Mary Ann Hoberman: Children's Poet Laureate (2008-2010)
The best children’s poets look at the subjects most parents are terrified of introducing to their little children—death, for instance—and invite them, gracefully, to dance. A rather Williamseque lyric on mortality, Mary Ann Hoberman’s “Mayfly” couldn’t be simpler, because eloquent simplicity is the key to writing poetry for children:
Think how fast a year flies by
A month flies by
A week flies by
Think how fast a day flies by
A Mayfly’s life lasts but a day
A single day
To live and die
A single day
How fast it goes
Both of those.
A Mayfly flies a single day
The daylight dies and darkness grows
A single day
How fast it flies
A Mayfly’s life
How fast it goes.
But of course the poem could be simpler—it could unfurl without all of those unpredictable rhymes, tumbling us along with inevitable momentum, like life’s arrow itself, ending only when it ends, but launching us past those sudden, chilling moments of realization (“To live and die”) and on to the next moment, the next brief day.
Hoberman, author of over 40 children’s books and the 2008-10 Children’s Poet Laureate, is a consummate channeler of children’s sensibilities. She is clearly a writer who takes children’s verse very seriously—as well she might. One could imagine, especially if one isn’t a parent, that writing children’s poetry would be easier by an order of magnitude than writing “adult” poetry; one could even presume that virtually any bare-boned rhyme or sweet turn of a single-syllable phrase would suffice for the average child reader. But this is famously untrue: children’s poetry requires precision tools, a childlike ear, a capacity for spirited irreverence, and a scrupulous lack of pretension. What’s more, its intended readers have only their inner metronomes and innate sense of the absurd to inform how they react to a poem, not a wealth of experience or literary-cultural know-how, and their native antennae cannot be easily bamboozled. Writing well for children can be as mysterious and difficult as learning to make falcon calls.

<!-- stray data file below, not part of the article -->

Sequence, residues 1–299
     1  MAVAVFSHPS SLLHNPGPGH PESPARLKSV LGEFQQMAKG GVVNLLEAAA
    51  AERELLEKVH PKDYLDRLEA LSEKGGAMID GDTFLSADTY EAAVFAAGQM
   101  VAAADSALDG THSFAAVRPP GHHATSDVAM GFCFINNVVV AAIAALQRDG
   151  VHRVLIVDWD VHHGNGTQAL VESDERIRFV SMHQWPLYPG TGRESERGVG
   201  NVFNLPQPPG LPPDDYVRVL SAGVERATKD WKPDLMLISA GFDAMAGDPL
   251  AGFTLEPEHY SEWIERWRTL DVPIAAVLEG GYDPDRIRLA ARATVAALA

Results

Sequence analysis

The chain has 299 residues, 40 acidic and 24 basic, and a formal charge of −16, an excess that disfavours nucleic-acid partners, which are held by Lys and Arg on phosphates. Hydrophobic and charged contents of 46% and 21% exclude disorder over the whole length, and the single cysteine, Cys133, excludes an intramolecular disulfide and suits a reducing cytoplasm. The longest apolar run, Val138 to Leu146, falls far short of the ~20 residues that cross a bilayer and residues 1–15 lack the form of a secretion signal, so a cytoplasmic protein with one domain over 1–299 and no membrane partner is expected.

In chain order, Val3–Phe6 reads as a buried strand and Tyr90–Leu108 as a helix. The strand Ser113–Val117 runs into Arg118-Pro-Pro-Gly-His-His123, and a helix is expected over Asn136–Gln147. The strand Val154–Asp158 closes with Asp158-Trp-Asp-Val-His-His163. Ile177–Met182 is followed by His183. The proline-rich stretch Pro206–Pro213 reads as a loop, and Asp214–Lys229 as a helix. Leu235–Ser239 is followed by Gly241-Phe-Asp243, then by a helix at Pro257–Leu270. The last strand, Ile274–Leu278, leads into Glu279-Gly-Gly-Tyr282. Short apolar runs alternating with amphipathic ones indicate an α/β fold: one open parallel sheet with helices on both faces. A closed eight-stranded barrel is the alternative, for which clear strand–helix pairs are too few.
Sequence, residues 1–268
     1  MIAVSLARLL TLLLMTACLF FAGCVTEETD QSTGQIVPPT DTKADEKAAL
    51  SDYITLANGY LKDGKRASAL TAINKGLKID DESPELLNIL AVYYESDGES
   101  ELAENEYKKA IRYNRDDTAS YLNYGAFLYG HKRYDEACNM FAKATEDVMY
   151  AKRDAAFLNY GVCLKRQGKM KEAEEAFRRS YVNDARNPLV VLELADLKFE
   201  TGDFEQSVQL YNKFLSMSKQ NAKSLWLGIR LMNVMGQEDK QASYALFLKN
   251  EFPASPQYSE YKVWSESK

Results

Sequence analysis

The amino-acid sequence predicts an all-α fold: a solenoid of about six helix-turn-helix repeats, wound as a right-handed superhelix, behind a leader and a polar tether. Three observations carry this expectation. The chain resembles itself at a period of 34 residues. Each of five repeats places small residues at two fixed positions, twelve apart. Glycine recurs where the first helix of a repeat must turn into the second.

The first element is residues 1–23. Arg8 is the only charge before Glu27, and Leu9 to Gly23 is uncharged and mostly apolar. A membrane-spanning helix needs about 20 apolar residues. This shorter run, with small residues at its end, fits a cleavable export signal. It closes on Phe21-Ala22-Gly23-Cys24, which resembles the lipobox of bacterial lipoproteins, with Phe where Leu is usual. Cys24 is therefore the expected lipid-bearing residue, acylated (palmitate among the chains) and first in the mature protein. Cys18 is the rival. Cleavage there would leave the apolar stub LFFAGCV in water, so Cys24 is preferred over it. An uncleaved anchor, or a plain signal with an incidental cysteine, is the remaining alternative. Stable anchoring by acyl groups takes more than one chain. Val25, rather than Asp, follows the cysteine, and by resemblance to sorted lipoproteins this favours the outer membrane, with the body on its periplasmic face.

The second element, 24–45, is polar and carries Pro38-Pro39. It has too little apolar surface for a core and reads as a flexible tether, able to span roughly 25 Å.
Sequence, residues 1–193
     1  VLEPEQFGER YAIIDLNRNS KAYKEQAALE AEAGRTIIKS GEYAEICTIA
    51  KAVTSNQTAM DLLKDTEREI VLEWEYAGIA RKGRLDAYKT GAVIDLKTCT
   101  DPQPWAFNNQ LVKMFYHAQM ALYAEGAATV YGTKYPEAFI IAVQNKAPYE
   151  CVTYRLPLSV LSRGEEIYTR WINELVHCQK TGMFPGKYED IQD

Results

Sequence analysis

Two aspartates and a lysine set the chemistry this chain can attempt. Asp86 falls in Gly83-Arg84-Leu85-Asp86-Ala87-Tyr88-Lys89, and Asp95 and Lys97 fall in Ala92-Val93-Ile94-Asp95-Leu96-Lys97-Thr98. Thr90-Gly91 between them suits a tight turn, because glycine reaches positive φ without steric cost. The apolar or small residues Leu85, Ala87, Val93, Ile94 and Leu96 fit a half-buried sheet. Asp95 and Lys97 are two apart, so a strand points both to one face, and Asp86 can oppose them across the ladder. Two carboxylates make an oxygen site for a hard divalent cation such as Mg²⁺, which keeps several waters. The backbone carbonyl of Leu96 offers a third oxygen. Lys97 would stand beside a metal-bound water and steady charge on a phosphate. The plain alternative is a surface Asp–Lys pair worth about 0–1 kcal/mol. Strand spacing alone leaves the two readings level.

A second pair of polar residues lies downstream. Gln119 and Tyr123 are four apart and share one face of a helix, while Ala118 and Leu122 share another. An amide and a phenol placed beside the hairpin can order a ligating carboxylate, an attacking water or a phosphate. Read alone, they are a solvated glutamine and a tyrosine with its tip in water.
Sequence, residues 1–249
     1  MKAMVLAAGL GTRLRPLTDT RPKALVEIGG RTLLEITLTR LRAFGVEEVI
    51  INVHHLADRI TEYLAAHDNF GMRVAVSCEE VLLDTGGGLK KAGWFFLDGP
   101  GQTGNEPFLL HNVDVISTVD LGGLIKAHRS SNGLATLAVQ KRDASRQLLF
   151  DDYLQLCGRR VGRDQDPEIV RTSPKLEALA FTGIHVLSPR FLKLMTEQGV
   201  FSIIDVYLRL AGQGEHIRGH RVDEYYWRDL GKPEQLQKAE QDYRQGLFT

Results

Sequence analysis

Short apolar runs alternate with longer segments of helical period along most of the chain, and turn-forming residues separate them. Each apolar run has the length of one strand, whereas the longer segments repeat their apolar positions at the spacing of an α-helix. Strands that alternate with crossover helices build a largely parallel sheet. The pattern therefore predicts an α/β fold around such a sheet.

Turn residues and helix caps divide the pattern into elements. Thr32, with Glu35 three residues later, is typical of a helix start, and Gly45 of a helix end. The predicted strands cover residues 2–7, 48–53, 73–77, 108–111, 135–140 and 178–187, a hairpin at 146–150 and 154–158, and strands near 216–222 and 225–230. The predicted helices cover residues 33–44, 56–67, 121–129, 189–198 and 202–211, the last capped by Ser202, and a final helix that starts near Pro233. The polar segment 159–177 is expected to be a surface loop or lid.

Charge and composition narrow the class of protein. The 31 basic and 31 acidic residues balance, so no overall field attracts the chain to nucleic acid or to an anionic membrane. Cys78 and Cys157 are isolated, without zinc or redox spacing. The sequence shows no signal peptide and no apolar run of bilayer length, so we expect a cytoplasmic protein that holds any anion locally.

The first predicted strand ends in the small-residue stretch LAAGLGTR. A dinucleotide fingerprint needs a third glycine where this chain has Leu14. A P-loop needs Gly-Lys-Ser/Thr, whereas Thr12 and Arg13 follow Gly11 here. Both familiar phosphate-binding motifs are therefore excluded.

For grown-ups, children’s poetry poses its own set of receptive and authorial issues. For instance, the empathic connection we’re used to enjoying with a poet through his or her poem—the hearing of the poet’s voice speaking directly to us, and our consideration of the poet’s intentions and personality as mediated by the poem—is so subjugated to the image of the child reader receiving the work that our bond with the writer can often be nonexistent. When we naturally admire the poetry of Dr. Seuss or Shel Silverstein, we’re not looking back, as it were, toward the poets and their self-expression, but forward, to the next lucky kid whose life may well be changed in the reading. In many ways, children’s poets can hardly help being educators, and as adults part of our pleasure in their work is in imagining the poem-bewitched child, reveling in the bounce of language and the love of lyrical wisdom rather than deadening synapses with video games and TV.
Still, the grace and taste and wit of a good children’s poem can provide a genuine frisson for those of us over 10, and Hoberman often hits the delicate balance in the plain-Jane-est of ways, often via coaxing internal rhymes. It is hard not to be taken with “Praying Mantis,” the subject of which is “really not engaged in prayer.” Instead, “That praying mantis that you see / Is really preying (with an e),” and thus, “With prey and preying both so endless / It tends to end up rather friendless.” Or “X?,” which bemoans the scarcity of X-words, and concludes “X-words do not get used a lot. / I knew one once / But I forgot.”
The Llama Who Had No Pajama is a kind of best-of collection, stretching back five decades, of Hoberman’s short lyrics, which are arguably the most difficult form when writing for a preteen readership. (Book-length stories are forgiven any burp or dullness in language, but 10-line poems require an almost chemical purity, or else fizzle like damp firecrackers.) Hoberman’s fluency gently tangos around from overtly (and acutely observed) manifestations of kids’ perspectives (“When I Need a Real Baby” thinks in perfect little juvenile bites: “When I need a real baby / And can’t use my brother, / My dog is my baby / And I am his mother. . . .”) to Seussian irreverences, as in “Whale”: